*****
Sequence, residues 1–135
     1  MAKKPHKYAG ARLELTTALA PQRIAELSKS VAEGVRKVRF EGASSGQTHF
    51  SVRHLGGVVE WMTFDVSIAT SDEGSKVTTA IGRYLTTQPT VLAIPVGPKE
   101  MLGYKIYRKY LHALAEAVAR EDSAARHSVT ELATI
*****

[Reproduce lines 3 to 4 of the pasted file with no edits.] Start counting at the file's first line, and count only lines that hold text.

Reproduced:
    51  SVRHLGGVVE WMTFDVSIAT SDEGSKVTTA IGRYLTTQPT VLAIPVGPKE
   101  MLGYKIYRKY LHALAEAVAR EDSAARHSVT ELATI